Orioles Card "O" the Day

An intersection of two of my passions: baseball cards and the Baltimore Orioles. Updated daily?

Tuesday, April 21, 2009

John Maine and Val Majewski, 2005 Topps #327

As I mentioned last night, last year's Orioles Minor League Pitcher of the Year made his major league debut tonight against the White Sox. He gave up three runs (one earned) in five and two-thirds innings, striking out four, and left with a one-run lead. It was a promising beginning, and a more auspicious first try than that of John Maine. I considered a last-minute effort to attend tonight's game, but the overcast skies scared me away. If only I'd stayed away from Maine's debut.

It was July 23, 2004, and my college roommate Mikey and his girlfriend Julianne had gotten four tickets to the O's-Twins game from her father's work. I honestly don't remember much about the game. It was one of those goofy floppy hat giveaway nights, and it doesn't get much goofier than orange, black, and white camouflage with an adjustable neck string. As you can see, I turned it into a rally hat.

Not that the rally-ization of the eyesore headwear did any good. 23-year-old John Maine set the Twins down in order in the first inning, but came undone in the second. The first four runners reached in a three-run frame for Minnesota, highlighted by a two-run single from Corey Koskie. The rookie pitched out of a bit of trouble in the third but allowed four hits (including a Jacque Jones leadoff home run) in the fourth before giving way to John Parrish. His final line: 3.2 IP, 7 H, 4 ER, 3 BB, 1 K, 1 WP. As he left the mound trailing by a 4-1 score, I probably yelled some none-too-charitable things at him. Probably something about not letting the door hit him in the butt on the way back to AAA Ottowa. It was a steamy summer night, the team was already eight games under .500, and I was young (okay, 22) and immature.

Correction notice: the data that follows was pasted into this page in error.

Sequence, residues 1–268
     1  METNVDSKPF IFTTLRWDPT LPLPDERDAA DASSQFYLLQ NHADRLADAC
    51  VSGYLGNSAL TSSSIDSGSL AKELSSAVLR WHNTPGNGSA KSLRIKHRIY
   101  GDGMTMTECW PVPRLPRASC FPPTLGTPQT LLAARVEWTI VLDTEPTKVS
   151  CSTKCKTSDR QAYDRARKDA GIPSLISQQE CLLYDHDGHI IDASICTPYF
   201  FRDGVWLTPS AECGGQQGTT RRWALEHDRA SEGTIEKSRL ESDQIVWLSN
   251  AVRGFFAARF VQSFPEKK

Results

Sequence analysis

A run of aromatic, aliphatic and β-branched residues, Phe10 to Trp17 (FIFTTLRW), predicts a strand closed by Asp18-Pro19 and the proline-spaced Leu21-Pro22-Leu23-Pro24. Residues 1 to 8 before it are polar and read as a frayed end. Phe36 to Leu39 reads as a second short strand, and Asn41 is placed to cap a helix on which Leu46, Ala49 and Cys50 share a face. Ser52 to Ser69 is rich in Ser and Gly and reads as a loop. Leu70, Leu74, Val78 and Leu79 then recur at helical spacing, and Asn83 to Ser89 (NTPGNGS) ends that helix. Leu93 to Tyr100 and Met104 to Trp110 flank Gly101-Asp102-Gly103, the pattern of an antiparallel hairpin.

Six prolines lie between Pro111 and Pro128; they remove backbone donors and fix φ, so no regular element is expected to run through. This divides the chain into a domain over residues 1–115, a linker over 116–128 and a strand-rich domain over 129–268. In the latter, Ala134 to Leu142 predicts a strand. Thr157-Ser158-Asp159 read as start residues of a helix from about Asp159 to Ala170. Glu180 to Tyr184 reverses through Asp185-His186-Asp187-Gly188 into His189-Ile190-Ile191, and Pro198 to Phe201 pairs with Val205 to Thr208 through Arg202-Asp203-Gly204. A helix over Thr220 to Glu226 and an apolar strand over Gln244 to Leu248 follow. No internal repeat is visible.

The O's couldn't dig themselves out of the hole that their brand-new starter had dug, managing just a two-run spurt in the seventh before a ninth-inning, two-run homer off of Buddy Groom gave Corey Koskie a four-RBI night. As the night wore on, Mikey and I amused ourselves by cheering for the Twins' batboy, who frequently sprinted to and from the visitor's dugout on our side of the field. Your final: Twins 7, Orioles 3. John Maine did indeed return to Ottowa, his spot start a flop. He wouldn't get a chance to improve upon his 0-1 record and 9.82 major league ERA until 2005, when he was marginally better (2-3, 6.30 in 10 games) but still nothing to write home about. Then it was off to the Mets with Jorge Julio in exchange for Kris Benson. He's gone 31-23 in three seasons since, with better-than-league-average ERAs in each campaign. His peripherals have been declining in each of those three years, but he's still carved out a better career than his shaky initial trip to the mound would have indicated.

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